The road to medical school for senior Jon Vore began with a concussion. A multi-sport athlete in high school, Vore took a hard hit on the field. One of the unexpected side-effects: a new fascination with medicine.
“I’d always been interested in science, but now I was curious about why I felt the way I did. I got hit in the head, so I’d ask, ‘Why is that causing me to throw up?’” Vore recalls. A sports medicine doctor in his hometown of Fishers, Indiana, explained the ins and outs of concussions, and Vore was hooked. “That was the spark. I thought that maybe medicine was the path for me.”
Vore will take the next step on that path when he begins his first semester at the Indiana University School of Medicine this fall. It’s a personal milestone that Vore says wouldn’t have been possible without his experience as a student-athlete at Butler.
“Athletics is one of the best teachers, in terms of how to prepare for life in general—not only learning how to work hard and prepare for something, but learning how to deal with failure,” says Vore, a pitcher with Butler Baseball. “If I lose a game on a Thursday night but have to take a Chemistry exam the next morning, I’ve got to stay focused. It’s about switching to the right mindset.”
Vore’s journey to medical school hasn’t been easy. Along with the challenges that come with a rigorous academic program, he has also had to juggle a busy travel schedule with the baseball team and the numerous commitments that come with being a student-athlete. It wasn’t uncommon to find Vore up late and studying while his teammates slept during long bus rides, or see him hurry off to a hotel conference room to take an exam the morning before an important game.
“I watched a lot of lectures online and studied on bus rides and planes,” he says. “My professors have been really understanding about my time commitment outside the classroom. That flexibility really helped me.”
The academic support he’s received as a student-athlete has also been vital. It’s about more than just having coaches proctor exams while on the road, according to Vore, though that’s important. “At every meeting with our coaching staff, they cover what you do on the field, but also how you’re doing in the classroom and in your life. They focus on the whole person,” he says.
Vore points to his work as President of Butler’s Student-Athlete Advisory Council (SAAC) as instrumental in developing leadership skills. It’s a position that enabled him to represent Butler in the BIG EAST and NCAA’s respective student-athlete advisory councils.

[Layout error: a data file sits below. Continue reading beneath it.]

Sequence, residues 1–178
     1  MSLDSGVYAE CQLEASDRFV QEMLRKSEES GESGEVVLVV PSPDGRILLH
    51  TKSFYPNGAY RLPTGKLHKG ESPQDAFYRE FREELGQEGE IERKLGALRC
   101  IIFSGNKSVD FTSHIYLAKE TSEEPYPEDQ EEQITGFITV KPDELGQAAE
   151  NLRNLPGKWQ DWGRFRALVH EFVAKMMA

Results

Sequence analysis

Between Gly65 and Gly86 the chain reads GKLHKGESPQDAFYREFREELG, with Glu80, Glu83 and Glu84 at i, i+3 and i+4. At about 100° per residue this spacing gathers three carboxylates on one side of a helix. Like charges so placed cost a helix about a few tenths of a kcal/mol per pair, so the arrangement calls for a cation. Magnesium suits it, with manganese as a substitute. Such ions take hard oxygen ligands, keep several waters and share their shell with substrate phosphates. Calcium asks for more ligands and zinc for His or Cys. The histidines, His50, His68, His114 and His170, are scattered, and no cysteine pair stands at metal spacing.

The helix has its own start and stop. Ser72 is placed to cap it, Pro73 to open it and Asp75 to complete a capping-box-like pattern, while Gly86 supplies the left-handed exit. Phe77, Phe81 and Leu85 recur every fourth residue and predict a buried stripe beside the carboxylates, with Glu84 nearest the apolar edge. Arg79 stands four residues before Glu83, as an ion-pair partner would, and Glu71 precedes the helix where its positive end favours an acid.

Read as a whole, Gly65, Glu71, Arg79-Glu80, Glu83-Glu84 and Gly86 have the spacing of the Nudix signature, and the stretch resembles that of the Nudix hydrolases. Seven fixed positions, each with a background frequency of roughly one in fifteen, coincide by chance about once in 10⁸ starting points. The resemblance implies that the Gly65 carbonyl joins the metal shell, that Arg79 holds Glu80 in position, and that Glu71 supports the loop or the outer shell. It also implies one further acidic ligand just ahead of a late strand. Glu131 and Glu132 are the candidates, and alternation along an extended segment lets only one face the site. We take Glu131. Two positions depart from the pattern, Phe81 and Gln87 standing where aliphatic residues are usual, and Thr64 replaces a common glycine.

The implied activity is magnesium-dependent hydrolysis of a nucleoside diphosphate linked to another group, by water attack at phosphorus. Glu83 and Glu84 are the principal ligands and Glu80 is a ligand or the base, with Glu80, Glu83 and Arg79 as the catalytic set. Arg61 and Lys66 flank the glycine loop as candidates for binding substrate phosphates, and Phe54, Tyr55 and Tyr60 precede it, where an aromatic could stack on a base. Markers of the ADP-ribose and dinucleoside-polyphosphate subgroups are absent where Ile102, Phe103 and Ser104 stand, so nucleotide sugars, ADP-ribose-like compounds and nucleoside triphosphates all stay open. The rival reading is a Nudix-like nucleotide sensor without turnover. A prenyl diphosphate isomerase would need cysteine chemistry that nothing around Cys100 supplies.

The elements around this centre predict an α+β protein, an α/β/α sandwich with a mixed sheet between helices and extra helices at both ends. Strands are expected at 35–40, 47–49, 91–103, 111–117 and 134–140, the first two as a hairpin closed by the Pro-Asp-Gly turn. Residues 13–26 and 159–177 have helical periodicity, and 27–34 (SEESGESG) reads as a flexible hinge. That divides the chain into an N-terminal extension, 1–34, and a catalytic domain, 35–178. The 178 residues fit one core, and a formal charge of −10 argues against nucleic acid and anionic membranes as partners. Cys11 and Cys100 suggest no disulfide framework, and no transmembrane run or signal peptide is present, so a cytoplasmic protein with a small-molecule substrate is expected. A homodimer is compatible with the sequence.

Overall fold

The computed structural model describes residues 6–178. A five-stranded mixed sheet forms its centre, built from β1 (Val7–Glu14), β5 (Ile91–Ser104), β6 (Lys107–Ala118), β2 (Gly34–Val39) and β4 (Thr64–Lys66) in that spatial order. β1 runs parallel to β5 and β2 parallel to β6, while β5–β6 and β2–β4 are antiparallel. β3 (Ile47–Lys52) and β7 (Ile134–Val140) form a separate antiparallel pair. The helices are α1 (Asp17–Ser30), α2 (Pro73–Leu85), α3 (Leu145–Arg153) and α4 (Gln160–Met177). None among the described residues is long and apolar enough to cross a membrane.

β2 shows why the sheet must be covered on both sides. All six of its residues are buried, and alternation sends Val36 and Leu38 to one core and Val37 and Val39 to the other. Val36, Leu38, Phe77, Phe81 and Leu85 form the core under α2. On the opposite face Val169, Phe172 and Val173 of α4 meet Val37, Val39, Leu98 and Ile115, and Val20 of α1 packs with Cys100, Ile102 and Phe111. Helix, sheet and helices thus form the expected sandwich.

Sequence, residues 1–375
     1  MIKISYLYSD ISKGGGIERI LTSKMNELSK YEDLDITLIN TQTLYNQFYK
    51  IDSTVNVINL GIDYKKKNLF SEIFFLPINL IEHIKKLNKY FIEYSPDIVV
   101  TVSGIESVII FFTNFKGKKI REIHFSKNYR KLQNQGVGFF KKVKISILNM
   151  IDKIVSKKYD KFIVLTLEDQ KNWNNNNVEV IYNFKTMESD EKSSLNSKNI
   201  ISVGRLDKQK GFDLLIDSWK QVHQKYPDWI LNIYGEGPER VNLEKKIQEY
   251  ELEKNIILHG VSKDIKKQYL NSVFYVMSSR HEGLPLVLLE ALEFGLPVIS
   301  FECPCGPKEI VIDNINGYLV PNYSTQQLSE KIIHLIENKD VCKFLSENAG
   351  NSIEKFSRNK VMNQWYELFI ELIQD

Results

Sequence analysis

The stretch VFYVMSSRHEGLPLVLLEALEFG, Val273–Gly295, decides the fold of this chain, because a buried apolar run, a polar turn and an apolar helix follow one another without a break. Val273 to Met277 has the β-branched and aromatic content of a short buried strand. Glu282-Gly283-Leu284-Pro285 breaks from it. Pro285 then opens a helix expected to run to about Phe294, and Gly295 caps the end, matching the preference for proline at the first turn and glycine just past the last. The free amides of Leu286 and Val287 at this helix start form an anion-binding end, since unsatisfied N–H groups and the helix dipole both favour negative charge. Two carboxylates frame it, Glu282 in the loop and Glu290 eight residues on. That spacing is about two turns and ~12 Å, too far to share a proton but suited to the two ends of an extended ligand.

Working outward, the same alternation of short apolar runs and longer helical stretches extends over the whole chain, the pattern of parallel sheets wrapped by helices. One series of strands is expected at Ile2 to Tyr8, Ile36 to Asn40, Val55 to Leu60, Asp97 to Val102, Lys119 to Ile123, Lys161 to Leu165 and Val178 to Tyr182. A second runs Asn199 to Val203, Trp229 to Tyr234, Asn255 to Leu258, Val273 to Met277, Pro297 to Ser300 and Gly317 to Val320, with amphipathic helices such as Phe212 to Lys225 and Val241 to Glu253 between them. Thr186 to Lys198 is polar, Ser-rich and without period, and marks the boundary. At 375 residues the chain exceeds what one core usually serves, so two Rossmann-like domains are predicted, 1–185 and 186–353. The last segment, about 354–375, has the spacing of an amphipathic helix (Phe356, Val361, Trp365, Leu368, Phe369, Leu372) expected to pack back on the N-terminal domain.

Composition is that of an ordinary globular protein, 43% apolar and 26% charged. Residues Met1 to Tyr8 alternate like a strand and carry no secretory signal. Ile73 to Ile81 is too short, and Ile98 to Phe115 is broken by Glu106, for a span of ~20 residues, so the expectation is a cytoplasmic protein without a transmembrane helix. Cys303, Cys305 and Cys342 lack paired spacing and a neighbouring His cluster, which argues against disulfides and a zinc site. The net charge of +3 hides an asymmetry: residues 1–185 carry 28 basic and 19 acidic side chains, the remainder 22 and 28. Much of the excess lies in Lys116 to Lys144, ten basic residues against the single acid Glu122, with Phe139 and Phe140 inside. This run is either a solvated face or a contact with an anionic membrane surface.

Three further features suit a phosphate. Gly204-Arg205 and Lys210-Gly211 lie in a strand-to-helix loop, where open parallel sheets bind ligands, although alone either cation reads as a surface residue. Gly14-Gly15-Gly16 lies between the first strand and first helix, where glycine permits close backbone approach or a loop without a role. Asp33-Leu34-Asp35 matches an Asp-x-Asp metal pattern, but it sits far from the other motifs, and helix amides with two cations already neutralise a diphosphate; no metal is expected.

He has also worked closely with Sonya Hopkins, Associate Athletics Director for Academics, to develop an academic plan that would get him into medical school, and the baseball team’s coaching staff have also helped keep him focused.
“Jon is exceptional—he does it all,” says Hopkins. “I’m amazed by students who are able to balance writing papers, working hard in practice, and scoring higher than average on an exam they had to take early because they were going to be traveling to compete against a Conference foe. And that’s Jon.”
Vore chose Butler because he knew that the University would enable him to achieve his dream of attending medical school and play baseball at a high level. What’s been most surprising, though, is how many unique opportunities his twin pursuits have opened up. An elbow injury impacted his ability to play baseball—but the surgery to repair it had a surprise silver lining.
“Baseball has given me so much access to different parts of medicine. I was able to shadow the surgeon who performed my surgery, and I watched him perform the same procedure I had on someone else,” he says.
For Vore, success is all about having the right mindset—taking all the challenges in the classroom and on the field in stride and focusing on the big picture. It takes a team effort to make that mindset possible, though, and as Vore looks ahead to a career in medicine, he’s grateful for everyone who has helped him along the way.
“The people are the best part of Butler for me. I’ll always remember fun times with my teammates on the road, or grinding through difficult workouts,” he says. “I think it’s the people who make Butler what it is, who make people so happy to be here.”